ENFIELD – In a historic move, regulators from the Illinois Department of Natural Resources Department of Oil and Gas Resource Management on Thursday approved the state’s first fracking permit.
Approval of the permit, issued to Wichita, Kansas based Woolsey Operating Company, comes more than four years after former state governor Pat Quinn signed the Hydraulic Fracturing Regulatory Act into law, opening the way for the controversial oil-drilling practice to begin in the state of Illinois.
Hydraulic Fracturing, or fracking, is a technique used to enhance the flow of gas from shale formations that are difficult to access due to depth and rock composition.
The process involves the high-pressure injection of ‘fracking fluid’ into a well to create cracks in deep-rock formations through which natural gas, petroleum, and brine can be extracted.
Proponents of fracking say it supplies needed energy resources and brings with it jobs and economic benefits. Critics say the practice brings with it social, environmental and human health problems.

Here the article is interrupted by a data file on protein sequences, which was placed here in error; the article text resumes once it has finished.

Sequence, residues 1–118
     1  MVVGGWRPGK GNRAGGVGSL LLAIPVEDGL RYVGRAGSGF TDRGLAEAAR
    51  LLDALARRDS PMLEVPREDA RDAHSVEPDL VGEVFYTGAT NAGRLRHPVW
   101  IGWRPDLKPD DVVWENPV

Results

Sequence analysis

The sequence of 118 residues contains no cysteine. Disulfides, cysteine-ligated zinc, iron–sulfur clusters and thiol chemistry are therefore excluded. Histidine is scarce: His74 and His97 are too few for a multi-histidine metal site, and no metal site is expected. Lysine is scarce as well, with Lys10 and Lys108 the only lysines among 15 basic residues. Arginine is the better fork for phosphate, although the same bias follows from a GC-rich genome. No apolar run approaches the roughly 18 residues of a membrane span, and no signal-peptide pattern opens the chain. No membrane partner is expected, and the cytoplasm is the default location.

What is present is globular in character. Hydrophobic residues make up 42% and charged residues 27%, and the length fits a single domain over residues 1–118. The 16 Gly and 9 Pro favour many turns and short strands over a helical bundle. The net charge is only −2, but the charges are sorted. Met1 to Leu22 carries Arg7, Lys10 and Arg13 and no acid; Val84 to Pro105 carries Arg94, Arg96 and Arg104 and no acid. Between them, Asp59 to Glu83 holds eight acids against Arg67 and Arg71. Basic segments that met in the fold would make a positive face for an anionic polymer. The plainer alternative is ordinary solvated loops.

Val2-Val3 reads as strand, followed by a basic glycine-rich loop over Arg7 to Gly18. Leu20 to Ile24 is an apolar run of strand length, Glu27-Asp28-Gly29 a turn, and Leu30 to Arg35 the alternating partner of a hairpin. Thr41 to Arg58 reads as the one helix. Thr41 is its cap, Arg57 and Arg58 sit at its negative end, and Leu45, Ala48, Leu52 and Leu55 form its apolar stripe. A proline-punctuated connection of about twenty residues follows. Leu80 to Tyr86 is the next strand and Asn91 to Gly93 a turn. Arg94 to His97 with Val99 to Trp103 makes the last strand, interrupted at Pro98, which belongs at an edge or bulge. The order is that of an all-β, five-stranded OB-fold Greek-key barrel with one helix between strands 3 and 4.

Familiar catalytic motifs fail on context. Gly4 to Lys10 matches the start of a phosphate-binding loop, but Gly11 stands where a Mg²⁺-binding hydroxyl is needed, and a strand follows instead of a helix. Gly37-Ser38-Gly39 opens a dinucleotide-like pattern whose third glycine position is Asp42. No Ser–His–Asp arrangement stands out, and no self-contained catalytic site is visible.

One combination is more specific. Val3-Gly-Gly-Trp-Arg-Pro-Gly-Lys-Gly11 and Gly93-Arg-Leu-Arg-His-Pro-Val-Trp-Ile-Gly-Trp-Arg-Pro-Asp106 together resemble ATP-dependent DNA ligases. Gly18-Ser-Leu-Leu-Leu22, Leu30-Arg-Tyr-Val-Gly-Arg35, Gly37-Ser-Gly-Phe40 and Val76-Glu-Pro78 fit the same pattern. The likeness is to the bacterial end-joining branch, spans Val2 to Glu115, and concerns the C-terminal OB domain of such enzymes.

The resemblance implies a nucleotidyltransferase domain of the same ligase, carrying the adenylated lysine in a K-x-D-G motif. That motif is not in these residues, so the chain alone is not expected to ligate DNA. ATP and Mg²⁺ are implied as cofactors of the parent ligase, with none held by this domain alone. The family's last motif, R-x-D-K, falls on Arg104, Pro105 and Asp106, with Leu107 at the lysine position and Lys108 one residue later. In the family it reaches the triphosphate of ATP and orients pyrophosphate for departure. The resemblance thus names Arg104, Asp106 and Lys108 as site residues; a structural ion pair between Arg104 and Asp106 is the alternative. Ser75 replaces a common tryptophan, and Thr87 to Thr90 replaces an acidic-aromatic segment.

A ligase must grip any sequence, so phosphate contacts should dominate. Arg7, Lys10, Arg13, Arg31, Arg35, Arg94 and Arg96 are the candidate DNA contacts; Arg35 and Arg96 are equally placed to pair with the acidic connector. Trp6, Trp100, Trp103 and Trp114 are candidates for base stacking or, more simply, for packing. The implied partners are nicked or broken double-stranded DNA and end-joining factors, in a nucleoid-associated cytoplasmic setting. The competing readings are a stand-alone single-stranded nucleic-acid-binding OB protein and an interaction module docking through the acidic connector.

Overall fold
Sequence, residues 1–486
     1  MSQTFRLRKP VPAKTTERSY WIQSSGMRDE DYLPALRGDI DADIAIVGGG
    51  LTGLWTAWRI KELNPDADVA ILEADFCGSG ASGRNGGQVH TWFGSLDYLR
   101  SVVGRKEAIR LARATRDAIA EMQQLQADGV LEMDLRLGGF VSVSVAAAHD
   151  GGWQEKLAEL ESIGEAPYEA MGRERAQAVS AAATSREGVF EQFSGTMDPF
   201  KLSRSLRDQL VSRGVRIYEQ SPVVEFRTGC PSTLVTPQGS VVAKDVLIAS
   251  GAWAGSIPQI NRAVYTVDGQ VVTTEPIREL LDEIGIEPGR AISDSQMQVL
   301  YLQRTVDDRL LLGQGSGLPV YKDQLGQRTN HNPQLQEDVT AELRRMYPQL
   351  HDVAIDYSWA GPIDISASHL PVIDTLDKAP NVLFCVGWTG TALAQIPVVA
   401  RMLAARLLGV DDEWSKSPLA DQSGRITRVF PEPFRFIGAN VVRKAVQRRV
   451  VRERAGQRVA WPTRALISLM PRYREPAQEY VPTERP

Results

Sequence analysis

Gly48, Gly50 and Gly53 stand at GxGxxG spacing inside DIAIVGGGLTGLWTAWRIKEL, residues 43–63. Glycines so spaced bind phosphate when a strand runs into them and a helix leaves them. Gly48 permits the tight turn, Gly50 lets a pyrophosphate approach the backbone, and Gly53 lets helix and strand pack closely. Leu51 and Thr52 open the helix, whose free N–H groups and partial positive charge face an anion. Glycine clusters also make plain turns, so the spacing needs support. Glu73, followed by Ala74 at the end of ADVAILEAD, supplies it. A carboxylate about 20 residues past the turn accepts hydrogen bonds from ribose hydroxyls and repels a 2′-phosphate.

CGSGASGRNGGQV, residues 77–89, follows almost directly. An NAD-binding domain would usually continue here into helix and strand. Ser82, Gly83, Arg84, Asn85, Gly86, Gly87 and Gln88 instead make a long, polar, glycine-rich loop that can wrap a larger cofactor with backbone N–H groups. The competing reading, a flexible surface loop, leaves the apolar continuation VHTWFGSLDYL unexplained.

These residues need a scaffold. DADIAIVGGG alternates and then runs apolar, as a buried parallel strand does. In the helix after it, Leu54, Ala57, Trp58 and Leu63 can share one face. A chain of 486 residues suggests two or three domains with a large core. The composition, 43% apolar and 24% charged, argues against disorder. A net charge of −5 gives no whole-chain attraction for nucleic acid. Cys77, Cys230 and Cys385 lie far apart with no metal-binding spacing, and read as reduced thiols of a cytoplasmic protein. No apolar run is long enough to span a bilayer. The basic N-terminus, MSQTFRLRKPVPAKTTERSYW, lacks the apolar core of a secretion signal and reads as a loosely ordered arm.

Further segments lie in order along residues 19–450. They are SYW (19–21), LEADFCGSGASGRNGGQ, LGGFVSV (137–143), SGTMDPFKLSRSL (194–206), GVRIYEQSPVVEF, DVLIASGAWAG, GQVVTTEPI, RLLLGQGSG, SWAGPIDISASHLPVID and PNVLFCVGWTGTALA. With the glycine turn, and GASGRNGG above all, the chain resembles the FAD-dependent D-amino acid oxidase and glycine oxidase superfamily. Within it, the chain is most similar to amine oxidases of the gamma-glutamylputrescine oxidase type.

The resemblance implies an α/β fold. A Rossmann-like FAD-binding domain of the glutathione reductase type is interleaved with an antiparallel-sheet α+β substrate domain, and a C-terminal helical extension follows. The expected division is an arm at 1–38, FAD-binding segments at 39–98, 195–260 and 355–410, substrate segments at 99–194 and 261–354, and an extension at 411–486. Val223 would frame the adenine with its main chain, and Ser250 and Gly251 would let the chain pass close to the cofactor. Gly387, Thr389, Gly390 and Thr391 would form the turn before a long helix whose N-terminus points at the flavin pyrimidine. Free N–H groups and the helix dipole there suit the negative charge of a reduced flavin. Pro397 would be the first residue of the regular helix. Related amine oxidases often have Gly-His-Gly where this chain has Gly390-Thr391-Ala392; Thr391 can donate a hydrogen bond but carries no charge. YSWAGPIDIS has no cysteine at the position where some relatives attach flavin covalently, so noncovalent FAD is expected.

In July, more than 10,000 public comments from citizens against fracking in Illinois were delivered to the Governor’s office in the capital by Food and Water Watch, the Illinois Green Party, the Environmental Defense Fund and Southern Illinoisans against Fracturing our Environment (SAFE) during the public comment period in the application process.
The permit gives Woolsey the green light to complete construction of the well, to be known as Woodrow No. 1H-310408-193, located just north of Enfield in White County.
But Rich Whitney, Vice-Chairman of the Illinois Green Party and SAFE: Southern Illinois Against Fracturing committee member says he is doubtful that the IDNR will be able to keep their part of the bargain.
“After all these year of living with budget cuts there is not the will nor the manpower to properly regulate and address the fracking process and disposal sites,” Whitney said.
Whitney also questioned the process by which the permit was issued.
Whitney said that the Green Party, SAFE and other groups are exploring what comes next. He said that could include appealing the IDNR’s decision in court through the methods made available to them by the Illinois Administrative Procedures Act.